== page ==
Onward to the pens!

For the greatest color range and a slightly finer tip than the Stabilo88s, I recommend looking for the Staedtler Triplus Fineliners. The tips seem to be the same but I find the Staedtlers to be a bit firmer and oh, the colors!

As for the Sakura Pigma Microns, they have very fine tips but tend to be pricier than Sharpie pens and the tips can go soft or dull very easily. As for the paint on the barrel of the Sharpie coming off on your hand, have you considered the Sharpie retractable model? It has a plain black barrel with a silicone grip section. There’s not as much ink in the retractable model as the regular capped model but if you can find a good price on a multi-pack at a big box store, it might be a good investment for comfort and no-paint-transfer. I also find that the Sharpie pens are the least likely to have show through on most papers, closely followed by the copycat Bic Intensity.

A budget option to the Sakura Pigma Micron is the ZIG Millennium line of felt tip pens. They can often be found in craft big box stores or online and the fine, fine lines of the 005 and 01 versions might not bleed through most papers but may not hold up to heavy-handed writing. But they are not as expensive as Microns so you won’t be heartbroken if you kill one. I have killed many many Microns so I know how sad it can be. I’ve also killed Copic Multiliners, and a whole army of fancy tech pens.

So for straight-up black felt tips, stick with the Sharpie pen in either retractable or regular capped. If you want to try something finer, try the ZIG Millennium. And for color coding, I recommend the Staedtler Triplus Fineliners.

I tested a bunch of these felt tips on the cheapest paper I had on hand, it was a budget-priced composition notebook that has basically newsprint paper inside just to show what kind of show through or bleed I got.

Cheap paper felt tip pen test Cheap paper felt tip pen test from the reverse

Best of luck with finals!

Article: Don’t Write Off The Pen

Newspaper article

My darling Dad sent me this article about the pen industry, including a short interview with the owner of Century Pens in downtown Chicago who was an absolute sweetheart to me last year when I went in to shop. It’s a good article about the good, the bad and the luxury in the pen industry. Sadly, I could not find the sidebar article about “Pens found on the desks of 10 Chicago Executives.” My favorite comment was from Sharon O’Keefe who is the president of the University of Chicago Medicine who is quoted excitedly about her current obsession, a Sailor Professional Gear with a fine point.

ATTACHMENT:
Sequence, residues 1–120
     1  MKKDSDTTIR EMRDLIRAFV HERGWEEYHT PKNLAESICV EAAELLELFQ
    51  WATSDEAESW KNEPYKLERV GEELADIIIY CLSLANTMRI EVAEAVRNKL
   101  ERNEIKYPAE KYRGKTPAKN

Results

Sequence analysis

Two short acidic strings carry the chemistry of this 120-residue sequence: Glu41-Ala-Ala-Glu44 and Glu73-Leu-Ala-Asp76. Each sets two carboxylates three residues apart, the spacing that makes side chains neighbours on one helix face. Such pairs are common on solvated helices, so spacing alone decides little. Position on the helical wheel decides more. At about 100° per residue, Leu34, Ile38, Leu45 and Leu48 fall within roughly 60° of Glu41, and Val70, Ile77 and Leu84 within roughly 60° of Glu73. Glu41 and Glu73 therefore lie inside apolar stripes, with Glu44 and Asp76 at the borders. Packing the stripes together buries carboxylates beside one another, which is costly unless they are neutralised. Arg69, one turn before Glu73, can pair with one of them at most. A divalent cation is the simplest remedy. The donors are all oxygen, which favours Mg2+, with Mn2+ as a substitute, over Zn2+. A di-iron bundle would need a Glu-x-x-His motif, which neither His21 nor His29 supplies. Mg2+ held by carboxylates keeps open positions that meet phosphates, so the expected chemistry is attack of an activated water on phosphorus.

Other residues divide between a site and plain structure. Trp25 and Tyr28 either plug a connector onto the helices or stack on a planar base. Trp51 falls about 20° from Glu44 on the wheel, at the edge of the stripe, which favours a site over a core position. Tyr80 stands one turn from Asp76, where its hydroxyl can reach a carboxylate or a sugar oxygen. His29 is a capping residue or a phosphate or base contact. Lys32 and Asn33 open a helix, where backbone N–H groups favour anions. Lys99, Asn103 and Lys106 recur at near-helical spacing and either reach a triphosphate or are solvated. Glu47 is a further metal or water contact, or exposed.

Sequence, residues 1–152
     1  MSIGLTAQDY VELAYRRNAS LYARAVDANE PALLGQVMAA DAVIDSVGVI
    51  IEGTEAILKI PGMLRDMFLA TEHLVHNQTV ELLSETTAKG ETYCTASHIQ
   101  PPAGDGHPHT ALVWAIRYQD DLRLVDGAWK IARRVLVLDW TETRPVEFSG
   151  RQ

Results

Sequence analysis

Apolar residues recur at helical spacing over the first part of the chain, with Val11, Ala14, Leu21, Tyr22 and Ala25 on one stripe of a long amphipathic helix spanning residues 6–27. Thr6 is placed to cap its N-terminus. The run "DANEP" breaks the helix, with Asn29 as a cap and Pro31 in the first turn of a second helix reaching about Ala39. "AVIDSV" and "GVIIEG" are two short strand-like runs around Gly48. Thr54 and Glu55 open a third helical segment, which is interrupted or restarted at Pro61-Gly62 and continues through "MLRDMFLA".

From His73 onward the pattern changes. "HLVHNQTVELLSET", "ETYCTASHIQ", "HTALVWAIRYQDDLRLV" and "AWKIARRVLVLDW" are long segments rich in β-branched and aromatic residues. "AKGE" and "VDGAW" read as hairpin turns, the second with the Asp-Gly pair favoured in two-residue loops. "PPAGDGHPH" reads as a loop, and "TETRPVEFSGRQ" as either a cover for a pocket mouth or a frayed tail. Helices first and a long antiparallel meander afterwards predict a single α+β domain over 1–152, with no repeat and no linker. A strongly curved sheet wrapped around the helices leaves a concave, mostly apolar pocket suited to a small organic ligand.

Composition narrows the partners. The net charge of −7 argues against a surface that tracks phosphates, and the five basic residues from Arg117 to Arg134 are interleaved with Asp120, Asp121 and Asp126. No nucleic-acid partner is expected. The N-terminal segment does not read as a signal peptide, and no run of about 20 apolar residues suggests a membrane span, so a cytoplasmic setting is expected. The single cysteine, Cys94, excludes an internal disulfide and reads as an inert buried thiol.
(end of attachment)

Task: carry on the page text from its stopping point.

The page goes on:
(From the Chicago Tribune from Sunday January 31, 2016)

Ask The Desk: The One Pen, Jotter Hacks & A5 Notebook

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Portia asks:

If you could only use one fountain pen, what would it be? I’ve never had one before, but I also don’t need another expensive hobby/collection, so I’d like to stick to just one purchase. I really like a smooth feel to my writing (so gels and ballpoints over felt tips!) if that matters.

Okay, here’s my answer but please leave your answer in the comments!

Pilot Metropolitan Reto Pop Fountain Pens

I’d have to say if I had to pick just one fountain pen that had a comparable experience to a gel pen, I’d probably pick a Pilot Metropolitan/Retro Pop with a F nib. They are super smooth writers and the fine nib is comparable to the 0.5mm or finer gel tips depending on the paper stock and ink. The M nib is closer to an 0.5-0.7mm gel tip, if you prefer a wider point.

You can get a converter for them which will give you an unending array of ink options as well. The Metropolitan/Retro Pop is not an expensive pen either so you won’t have invested too much into a new hobby and can put extra funds towards inks instead.

David asks:

I’m looking for a good A5 sized notebook/journal just for note taking and doodling. Nothing too serious :-). Just random thoughts and ideas as they come to me. I tend to write with ballpoints and pencils as I’m terrible at loosing pens so don’t usually buy anything more expensive than that. Which brings me to my question. Do you know if there are any decent A5 journals out there that come with pen loops/holders on them? Is this very common? Or do most people think this kind of thing is a bit intrusive which is why you tend not to see it so much.

The solution to your pen loop problem is the Leuchtturm adhesive pen loop. Depending on your locale, Bureau Direct, Cult Pens and Goulet Pens all stock this genius little add-on. I adhere one into the back of my notebooks and they work brilliantly. I’ve yet to try to remove one and they have not fallen off either so the adhesive seems good.

Leuchtturm Pen Loop

This opens up your options for an A5 notebook to a wider variety based on whether you prefer soft or hardcover books, lined, graph or blank paper. Actually, Leuchtturm1917 makes wonderful A5 sized notebooks in softcover and hardcover with lined, graph, dot grid or blank paper with numbered pages and an index. The paper is good quality and they pack a lot of sheets into each book. Most people consider them to be a step up, quality-wise from a Moleskine and the Leuchtturm1917 books are genuinely A5 sized. I reviewed the neon green edition here. Rhodia webnotebooks are higher quality notebooks with paper suitable for fountain pens but the books are pricier as well. If you stick to non-fountain pens, it may be more than you need. There are reviews of the Rhodia webnotebook in blank, dot grid and the Rhodiarama edition available for more details.